In advance of World AIDS Day on December 1st, the O’Neill Institute for National and Global Health Law has released two new reports on emerging HIV issues in the United States, including policy ideas for states and local communities and for the Ryan White HIV/AIDS Program. The reports were written by two leading HIV/AIDS policy experts, Jeffrey S. Crowley, Distinguished Scholar and Director of Infectious Disease Initiatives at the O’Neill Institute, and Sean Bland, a Senior Associate at the O’Neill Institute.
The first of the two reports, State and Local ‘End the Epidemic’ Plans Can Drive HIV Progress, is focused on promoting state and local plans to ‘End the Epidemic.’ In this report, the authors note that several state and local jurisdictions have created and implemented such plans emphasized that other jurisdictions must develop their own plans to end the HIV epidemic in their communities.
“To reduce new HIV infections and support all people living with HIV to be in care and on antiretroviral therapy (ART) and achieve sustained viral suppression, it is important that states and local jurisdictions develop plans that are tailored to their communities and the specific characteristics of their epidemics,” says Jeffrey Crowley, the lead author of both reports. “While tailored approaches are needed in each jurisdiction, effective plans to ‘End the Epidemic’ share many common features,” adds Crowley.
The report identifies key elements of a plan to ‘End the Epidemic.’ One of the most significant elements of some emerging plans is to treat HIV earlier by offering same-day or rapid start of antiretroviral therapy (ART) when individuals receive an HIV diagnosis or are re-engaged in HIV care. Other significant elements include continued focus on monitoring engagement and actively intervening to address barriers to care and an emphasis on scaling up access to pre-exposure prophylaxis (PrEP) and ensuring appropriate access to post-exposure prophylaxis. The report also provides some leading examples of jurisdictions across the county that have developed plans. The jurisdictions highlighted in the report include New York State, New York City, Washington State, the District of Columbia, Houston, and Los Angeles.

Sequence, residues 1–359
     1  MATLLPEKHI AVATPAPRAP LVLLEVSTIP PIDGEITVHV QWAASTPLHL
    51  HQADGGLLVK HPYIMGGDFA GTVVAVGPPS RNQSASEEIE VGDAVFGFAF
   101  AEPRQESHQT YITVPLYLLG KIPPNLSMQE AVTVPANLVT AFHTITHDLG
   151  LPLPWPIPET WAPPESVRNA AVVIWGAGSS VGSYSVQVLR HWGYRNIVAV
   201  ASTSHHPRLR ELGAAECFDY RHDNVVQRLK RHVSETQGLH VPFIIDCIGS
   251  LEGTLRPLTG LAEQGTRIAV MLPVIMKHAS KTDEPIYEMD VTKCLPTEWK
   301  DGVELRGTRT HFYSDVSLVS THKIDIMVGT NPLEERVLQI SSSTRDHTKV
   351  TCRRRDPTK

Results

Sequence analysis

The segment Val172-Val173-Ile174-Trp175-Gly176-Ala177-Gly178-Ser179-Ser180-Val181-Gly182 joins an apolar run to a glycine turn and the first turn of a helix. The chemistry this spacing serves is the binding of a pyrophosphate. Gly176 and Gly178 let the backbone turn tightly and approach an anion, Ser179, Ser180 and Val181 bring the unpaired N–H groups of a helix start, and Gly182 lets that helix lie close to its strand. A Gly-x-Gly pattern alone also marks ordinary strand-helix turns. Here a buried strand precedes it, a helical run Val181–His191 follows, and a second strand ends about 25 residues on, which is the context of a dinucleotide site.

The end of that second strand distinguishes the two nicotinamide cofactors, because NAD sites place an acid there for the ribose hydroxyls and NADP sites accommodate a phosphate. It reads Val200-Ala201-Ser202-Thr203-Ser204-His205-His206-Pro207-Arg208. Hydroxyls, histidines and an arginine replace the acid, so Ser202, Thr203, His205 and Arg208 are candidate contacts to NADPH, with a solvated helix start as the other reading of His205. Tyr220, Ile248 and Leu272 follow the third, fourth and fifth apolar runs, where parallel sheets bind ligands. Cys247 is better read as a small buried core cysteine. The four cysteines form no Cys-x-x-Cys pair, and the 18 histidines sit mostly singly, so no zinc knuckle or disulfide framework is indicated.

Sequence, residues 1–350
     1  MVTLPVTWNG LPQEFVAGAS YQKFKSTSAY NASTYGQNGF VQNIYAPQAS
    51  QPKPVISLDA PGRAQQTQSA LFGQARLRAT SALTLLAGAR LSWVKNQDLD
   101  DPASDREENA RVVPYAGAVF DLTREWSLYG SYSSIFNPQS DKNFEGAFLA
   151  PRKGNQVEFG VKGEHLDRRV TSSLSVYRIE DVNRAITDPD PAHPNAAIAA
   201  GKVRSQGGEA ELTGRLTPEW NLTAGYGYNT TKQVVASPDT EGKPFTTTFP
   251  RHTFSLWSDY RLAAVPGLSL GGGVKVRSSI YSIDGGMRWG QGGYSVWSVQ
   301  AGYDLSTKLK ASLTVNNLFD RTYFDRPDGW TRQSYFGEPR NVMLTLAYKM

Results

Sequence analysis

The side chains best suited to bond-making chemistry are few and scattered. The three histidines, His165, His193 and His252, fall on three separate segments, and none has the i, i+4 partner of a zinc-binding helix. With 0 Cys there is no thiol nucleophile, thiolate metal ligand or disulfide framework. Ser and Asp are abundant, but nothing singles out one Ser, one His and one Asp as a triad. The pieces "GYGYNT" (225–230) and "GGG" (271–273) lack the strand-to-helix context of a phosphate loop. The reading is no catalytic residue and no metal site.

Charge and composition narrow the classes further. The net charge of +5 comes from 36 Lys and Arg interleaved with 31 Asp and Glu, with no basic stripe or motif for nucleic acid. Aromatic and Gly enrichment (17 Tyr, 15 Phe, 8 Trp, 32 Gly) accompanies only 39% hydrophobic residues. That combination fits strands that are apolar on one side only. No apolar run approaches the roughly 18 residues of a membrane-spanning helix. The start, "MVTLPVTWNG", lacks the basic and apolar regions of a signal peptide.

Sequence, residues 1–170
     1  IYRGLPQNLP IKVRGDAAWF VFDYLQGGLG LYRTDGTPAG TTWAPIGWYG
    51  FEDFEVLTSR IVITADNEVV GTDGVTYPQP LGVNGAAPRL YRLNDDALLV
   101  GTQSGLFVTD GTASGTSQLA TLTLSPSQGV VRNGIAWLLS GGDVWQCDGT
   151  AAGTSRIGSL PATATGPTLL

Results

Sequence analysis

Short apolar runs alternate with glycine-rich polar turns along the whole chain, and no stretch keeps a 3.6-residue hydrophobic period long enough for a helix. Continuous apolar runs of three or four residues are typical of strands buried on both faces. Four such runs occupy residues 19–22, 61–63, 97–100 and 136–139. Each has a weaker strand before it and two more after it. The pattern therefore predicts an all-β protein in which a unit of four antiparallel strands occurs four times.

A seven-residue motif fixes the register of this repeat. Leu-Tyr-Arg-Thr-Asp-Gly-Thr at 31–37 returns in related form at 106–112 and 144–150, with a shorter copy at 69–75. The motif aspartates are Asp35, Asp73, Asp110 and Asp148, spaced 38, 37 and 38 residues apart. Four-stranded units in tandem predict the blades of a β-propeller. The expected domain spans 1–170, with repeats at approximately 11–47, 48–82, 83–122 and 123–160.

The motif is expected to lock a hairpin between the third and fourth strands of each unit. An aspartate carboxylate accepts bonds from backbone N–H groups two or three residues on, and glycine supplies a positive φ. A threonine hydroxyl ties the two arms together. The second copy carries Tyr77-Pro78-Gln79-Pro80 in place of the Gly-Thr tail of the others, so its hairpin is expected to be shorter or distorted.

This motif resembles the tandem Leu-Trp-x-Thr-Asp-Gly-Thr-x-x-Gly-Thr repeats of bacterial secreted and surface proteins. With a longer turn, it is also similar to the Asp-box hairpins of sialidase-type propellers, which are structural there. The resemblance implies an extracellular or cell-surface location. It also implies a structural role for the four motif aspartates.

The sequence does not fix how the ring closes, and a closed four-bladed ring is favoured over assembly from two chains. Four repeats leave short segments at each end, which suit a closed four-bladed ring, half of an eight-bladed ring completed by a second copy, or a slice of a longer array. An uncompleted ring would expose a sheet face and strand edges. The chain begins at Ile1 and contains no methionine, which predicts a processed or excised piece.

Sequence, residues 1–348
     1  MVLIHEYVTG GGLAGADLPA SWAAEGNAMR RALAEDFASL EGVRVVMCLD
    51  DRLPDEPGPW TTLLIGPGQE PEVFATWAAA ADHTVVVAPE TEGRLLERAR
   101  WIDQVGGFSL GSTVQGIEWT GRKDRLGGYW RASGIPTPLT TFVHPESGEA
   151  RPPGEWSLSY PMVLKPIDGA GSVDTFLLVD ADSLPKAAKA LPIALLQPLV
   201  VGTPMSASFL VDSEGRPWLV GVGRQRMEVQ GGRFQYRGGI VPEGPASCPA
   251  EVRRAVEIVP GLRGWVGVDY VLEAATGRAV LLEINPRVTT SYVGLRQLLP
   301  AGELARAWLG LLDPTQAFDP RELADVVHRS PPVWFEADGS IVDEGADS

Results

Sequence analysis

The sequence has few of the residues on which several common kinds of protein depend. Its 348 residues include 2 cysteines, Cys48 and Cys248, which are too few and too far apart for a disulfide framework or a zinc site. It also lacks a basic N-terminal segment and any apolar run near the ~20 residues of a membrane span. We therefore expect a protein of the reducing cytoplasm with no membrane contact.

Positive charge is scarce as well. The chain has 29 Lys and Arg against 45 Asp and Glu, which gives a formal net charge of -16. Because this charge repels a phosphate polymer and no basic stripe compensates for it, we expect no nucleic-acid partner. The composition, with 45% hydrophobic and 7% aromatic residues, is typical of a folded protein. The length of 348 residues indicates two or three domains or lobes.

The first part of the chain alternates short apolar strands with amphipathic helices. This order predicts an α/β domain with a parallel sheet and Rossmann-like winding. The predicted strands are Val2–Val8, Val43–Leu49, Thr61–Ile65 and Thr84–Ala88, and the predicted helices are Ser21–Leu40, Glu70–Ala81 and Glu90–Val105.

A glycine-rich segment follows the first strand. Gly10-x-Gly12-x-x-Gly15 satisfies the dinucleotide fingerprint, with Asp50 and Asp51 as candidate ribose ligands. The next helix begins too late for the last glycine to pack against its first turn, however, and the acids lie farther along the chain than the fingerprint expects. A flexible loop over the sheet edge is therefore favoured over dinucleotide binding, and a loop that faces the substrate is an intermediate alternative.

The second of the two reports, Leveraging the Ryan White HIV/AIDS Program to Make Rapid Start of HIV Antiretroviral Therapy Standard Practice, examines the role of the Ryan White Program in making rapid start of ART a reality. Starting people with HIV on antiretroviral therapy (ART) on the same day that they are diagnosed has been shown to decrease the time to viral suppression and may also improve retention in care, yet there are numerous financial and other barriers to adoption of rapid start across the health system.
In the report, the authors outline the elements of a rapid start program and discuss common barriers to scaling up rapid start, ranging from clinician acceptance and patient readiness to insurance and AIDS Drugs Assistance Program (ADAP) eligibility. The challenge in adopting rapid start of ART is developing workable models of care that can be implemented across our diverse national health care landscape. The authors also discuss how the Ryan White HIV/AIDS Program can help overcome barriers to widespread adoption of rapid start.
“The Ryan White Program is a federal program that provides a comprehensive system of care for people living with HIV and is uniquely situated to work with clinicians, health departments, and community stakeholders to support efforts to adopt rapid start,” Bland says. “Now is the time to ask the Ryan White Program to help move this idea from leading clinics to standard practice across the health system.”
Crowley and Bland conclude that now is the time for more jurisdictions to make plans to ‘End the Epidemic’ and scale up rapid start of ART. By promoting state and local plans and using the Ryan White Program to make rapid start a standard practice, it is possible to keep providing better supports to people living with HIV and reduce new HIV infections.